The Three Musketeers (Dover Thrift Editions)
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A son of impoverished nobility, D'Artagnan arrives in Paris to find the Musketeers disbanded by the cunning Cardinal Richelieu, who hopes to seize power from the weak-willed Louis XIII. The daring and ambitious youth proves his mettle in the company of the famous Musketeers — Porthos, Athos, and Aramis — and joins them in a heroic struggle to defend the king and his lovely queen, Anne of Austria.
Dumas transformed the concept of the historical novel by writing in a modern, conversational style. His accessible, fast-paced narratives combine real and fictional characters to recapture the events, manners, and mood of seventeenth-century France. Emerging in the chaotic aftermath of the Revolution, Dumas's novels provided his contemporaries with a welcome sense of identity and national pride. His most popular work, The Three Musketeers, continues to charm modern readers with its timeless tales of romantic valor.
moment, and we haven’t seen him again since.” “Very well, I know what I wanted to know. Now, you say that Porthos’s room is on the second floor, number one?” “Yes, Monsieur, the inn’s finest, a room I’d have had the chance to rent ten times already.” “Bah! Calm yourself,” d’Artagnan said, laughing. “Porthos will pay you with the duchess Coquenard’s money.” “Oh, Monsieur, procureuse or duchess, if she loosened her purse strings, this would be nothing; but she positively replied that she was
the five shillings. I’m being a bit parsimonious, am I not? That’s because I’m not anxious to have you corrupt your guards. Besides, you will always have your charms to seduce them. Use them, then, if your failure with Felton hasn’t disgusted you with attempts of that sort.” “Felton hasn’t talked,” Milady said to herself, “nothing’s lost yet.” “And now, Madame, good-bye to you. Tomorrow I will come to announce to you the departure of my messenger.” Lord de Winter stood up, bowed ironically to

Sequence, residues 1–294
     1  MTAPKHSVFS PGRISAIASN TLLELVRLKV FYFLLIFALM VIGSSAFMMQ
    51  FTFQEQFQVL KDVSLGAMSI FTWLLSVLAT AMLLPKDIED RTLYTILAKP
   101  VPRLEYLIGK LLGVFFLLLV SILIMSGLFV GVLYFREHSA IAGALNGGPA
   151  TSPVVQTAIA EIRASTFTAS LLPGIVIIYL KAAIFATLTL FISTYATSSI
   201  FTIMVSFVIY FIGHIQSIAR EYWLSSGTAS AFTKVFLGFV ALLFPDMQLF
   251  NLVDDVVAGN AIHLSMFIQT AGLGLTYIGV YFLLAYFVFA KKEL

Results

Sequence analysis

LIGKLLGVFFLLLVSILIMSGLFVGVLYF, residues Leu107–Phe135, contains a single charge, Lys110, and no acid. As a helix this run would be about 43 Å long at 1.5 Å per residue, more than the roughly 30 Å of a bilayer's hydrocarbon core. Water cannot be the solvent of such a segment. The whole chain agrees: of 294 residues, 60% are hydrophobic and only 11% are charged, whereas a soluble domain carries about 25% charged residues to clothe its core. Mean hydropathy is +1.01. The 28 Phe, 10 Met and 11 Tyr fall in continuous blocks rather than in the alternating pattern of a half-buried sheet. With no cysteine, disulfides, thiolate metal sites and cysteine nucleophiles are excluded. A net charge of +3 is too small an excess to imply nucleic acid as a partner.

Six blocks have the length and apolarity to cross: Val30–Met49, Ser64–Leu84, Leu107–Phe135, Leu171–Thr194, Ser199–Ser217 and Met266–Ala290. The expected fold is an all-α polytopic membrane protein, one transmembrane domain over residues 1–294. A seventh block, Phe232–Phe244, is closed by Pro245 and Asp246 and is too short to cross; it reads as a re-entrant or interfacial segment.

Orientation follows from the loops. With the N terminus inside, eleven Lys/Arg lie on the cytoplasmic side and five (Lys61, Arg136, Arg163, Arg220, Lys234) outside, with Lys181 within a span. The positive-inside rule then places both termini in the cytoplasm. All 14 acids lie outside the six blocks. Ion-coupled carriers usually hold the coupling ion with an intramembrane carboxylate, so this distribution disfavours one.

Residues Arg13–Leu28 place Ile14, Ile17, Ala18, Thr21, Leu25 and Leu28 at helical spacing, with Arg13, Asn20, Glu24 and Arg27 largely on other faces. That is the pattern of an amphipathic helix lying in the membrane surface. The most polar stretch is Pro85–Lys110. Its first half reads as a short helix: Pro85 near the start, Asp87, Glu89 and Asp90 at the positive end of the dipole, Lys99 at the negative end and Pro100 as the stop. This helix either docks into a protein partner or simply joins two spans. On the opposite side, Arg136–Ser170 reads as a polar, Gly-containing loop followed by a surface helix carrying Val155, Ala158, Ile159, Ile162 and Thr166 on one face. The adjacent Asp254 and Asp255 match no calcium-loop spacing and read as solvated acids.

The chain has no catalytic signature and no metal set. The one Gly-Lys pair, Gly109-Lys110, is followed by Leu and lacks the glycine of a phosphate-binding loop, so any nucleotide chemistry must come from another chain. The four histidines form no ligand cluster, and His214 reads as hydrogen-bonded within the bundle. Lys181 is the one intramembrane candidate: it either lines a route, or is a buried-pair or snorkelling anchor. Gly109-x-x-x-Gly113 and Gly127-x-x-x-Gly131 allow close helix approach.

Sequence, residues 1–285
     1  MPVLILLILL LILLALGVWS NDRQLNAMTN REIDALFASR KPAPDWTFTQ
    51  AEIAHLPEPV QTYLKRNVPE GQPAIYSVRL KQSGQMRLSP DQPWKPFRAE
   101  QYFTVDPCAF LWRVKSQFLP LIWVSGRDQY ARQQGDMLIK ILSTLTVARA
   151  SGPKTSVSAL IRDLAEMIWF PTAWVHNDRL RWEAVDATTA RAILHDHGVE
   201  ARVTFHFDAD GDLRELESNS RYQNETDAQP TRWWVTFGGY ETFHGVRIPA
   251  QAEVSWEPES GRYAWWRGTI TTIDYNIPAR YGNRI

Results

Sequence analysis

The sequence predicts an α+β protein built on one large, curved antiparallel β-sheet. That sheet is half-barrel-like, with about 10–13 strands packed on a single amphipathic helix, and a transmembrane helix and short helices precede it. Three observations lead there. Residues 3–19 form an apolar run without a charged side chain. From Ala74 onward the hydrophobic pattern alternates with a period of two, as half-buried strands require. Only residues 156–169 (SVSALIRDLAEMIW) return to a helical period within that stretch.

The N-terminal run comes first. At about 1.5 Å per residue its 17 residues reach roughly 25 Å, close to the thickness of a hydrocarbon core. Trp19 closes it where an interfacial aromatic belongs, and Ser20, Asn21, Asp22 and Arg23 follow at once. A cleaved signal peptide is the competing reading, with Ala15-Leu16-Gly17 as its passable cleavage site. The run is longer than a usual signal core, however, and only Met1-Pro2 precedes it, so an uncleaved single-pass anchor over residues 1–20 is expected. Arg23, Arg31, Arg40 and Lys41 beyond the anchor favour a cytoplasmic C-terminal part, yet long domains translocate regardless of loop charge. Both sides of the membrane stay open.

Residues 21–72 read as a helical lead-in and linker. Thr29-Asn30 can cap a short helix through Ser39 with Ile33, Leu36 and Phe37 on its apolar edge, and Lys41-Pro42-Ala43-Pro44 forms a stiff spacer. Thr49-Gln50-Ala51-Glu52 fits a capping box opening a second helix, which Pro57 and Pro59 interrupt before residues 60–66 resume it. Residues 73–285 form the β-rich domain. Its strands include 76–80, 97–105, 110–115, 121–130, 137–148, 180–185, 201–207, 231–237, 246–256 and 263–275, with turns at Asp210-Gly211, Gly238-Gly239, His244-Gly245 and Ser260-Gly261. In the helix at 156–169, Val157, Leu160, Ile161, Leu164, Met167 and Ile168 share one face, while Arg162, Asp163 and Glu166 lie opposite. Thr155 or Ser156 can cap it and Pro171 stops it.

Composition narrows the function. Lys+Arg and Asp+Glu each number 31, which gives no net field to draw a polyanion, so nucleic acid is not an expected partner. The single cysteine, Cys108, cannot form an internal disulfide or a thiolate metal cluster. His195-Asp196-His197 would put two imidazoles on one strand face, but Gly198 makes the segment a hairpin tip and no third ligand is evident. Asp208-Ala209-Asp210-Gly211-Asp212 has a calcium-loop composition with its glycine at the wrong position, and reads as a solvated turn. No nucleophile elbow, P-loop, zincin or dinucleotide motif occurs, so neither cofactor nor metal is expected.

de Cramail (1568–1646), was later involved as one of the “dupes” in the journée des Dupes (see note 75) and sent to the Bastille. The identity of the chevalier de Souveray is uncertain; there were several men named Souvré or Souvray associated with the court. 94.M. de Benserade: Isaac de Benserade (1613–91), prolific poet and member of the Académie Française, was of course too young to have recited anything to M. de Tréville at that time. 95.presents: The words are spoken by Laocoön in Virgil’s
these gentlemen, I beg you. I have plenty of time, and it will be more correct. Ah, here’s one of them, I believe.” Indeed, at the end of the rue de Vaugirard the gigantic Porthos began to appear. “What!” cried d’Artagnan. “Your first witness is M. Porthos?” “Yes, do you object?” “No, not at all.” “And here is the second.” D’Artagnan turned to where Athos was pointing and recognized Aramis. “What!” he cried with still more astonishment than the first time. “Your second witness is M.
revealed to him across from the Samaritaine. This was their mutual declaration of love. “I’ll go,” he said, “I’ll go at once.” “What do you mean you’ll go!” cried Mme Bonacieux. “What about your regiment, your captain?” “By my soul, you’ve made me forget all that, dear Constance! Yes, you’re right, I must ask for a leave.” “Another obstacle,” Mme Bonacieux murmured woefully. “Oh, don’t worry,” cried d’Artagnan after a moment’s reflection, “I’ll surmount this one!” “How?” “I’ll go and find